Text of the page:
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Age Discrimination Costs Google $15.9 Million

Age discrimination costs Google $15.9 million

Google is set to pay $A15.9 million compensation to 227 people who were denied jobs with the tech giant because they were too old.

In addition to the payouts, Google has also promised to provide training for its managers, and will set up a special working group to address issues of age discrimination.

The lead plaintiff

Lead plaintiff Cheryl Fillekes, who is aged in her 50s, said she applied four times for an engineering job at Google, but was never offered a position.

During one of the interviews, a recruiter asked Ms Fillekes to submit an updated resume that showed her graduation dates for college and her various degrees.

When she asked why this was needed, she says the recruiter told her that it was “so the interviewers can see how old you are.”

Ms Fillekes experience followed that of Robert Heath, a computer engineer in his 60s.

During the interview process, Mr Heath received a technical phone interview with a Google engineer.

He claimed that the engineer had a heavy accent, and was difficult to hear and understand – a problem made worse by the engineer’s insistence on using a speakerphone.

Mr Heath argued that the interview process “reflected a complete disregard for older workers who are undeniably more susceptible to hearing loss.”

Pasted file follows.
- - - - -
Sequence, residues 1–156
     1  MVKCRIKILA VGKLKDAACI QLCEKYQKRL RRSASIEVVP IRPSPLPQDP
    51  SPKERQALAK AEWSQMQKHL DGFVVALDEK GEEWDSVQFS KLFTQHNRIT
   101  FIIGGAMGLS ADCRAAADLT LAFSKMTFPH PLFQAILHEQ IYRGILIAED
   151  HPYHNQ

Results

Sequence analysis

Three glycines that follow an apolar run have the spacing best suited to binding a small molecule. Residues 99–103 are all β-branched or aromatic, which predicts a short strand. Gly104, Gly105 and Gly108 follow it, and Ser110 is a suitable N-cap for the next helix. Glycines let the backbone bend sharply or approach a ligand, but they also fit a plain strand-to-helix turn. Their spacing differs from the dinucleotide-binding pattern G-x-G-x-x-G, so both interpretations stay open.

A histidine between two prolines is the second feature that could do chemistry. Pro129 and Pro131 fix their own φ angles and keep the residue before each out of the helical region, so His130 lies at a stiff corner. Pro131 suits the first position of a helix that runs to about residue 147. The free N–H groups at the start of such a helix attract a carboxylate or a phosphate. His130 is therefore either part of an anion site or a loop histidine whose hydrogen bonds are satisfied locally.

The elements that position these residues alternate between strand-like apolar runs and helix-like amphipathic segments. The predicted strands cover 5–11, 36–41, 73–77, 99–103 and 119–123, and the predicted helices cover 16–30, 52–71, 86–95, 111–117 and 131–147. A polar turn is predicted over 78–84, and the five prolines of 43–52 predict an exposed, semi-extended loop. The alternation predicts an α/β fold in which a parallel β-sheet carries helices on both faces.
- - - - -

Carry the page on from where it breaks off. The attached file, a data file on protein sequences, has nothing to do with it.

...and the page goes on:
Median age of a Google employee in 2013 was 29

According to the lawsuit, the median age of a Google employee in 2013 was 29, compared to a typical computer programmer in the US, who is aged over 40.

Of the $A15.9 million payout in the settlement, $3.9 million will go to lawyers.

Ms Fillekes gets an extra $A14,500 as the lead plaintiff.

The remaining plaintiffs will each receive around $A50,600.

Mr Heath settled his case separately with Google in December.

Age discrimination unlawful in Australia

Age discrimination is unlawful in Australia, according to Miles Heffernan, Litigation Director at Harassment Claims.

“An employer is not allowed to ask a prospective employee their age during the interview process, unless the worker’s age is an inherent requirement of the job,” he said.

“For example, a person under the age of 18 may not be permitted to serve alcohol in a pub, but those sorts of situations are rare.

“Workers should not be thrown on the scrap heap just because they’ve had a certain number of birthdays – both young and older people can add tremendous value to a company, whether that be with enthusiasm or experience.”

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If you have experienced discrimination based on your age, you may be entitled to compensation.

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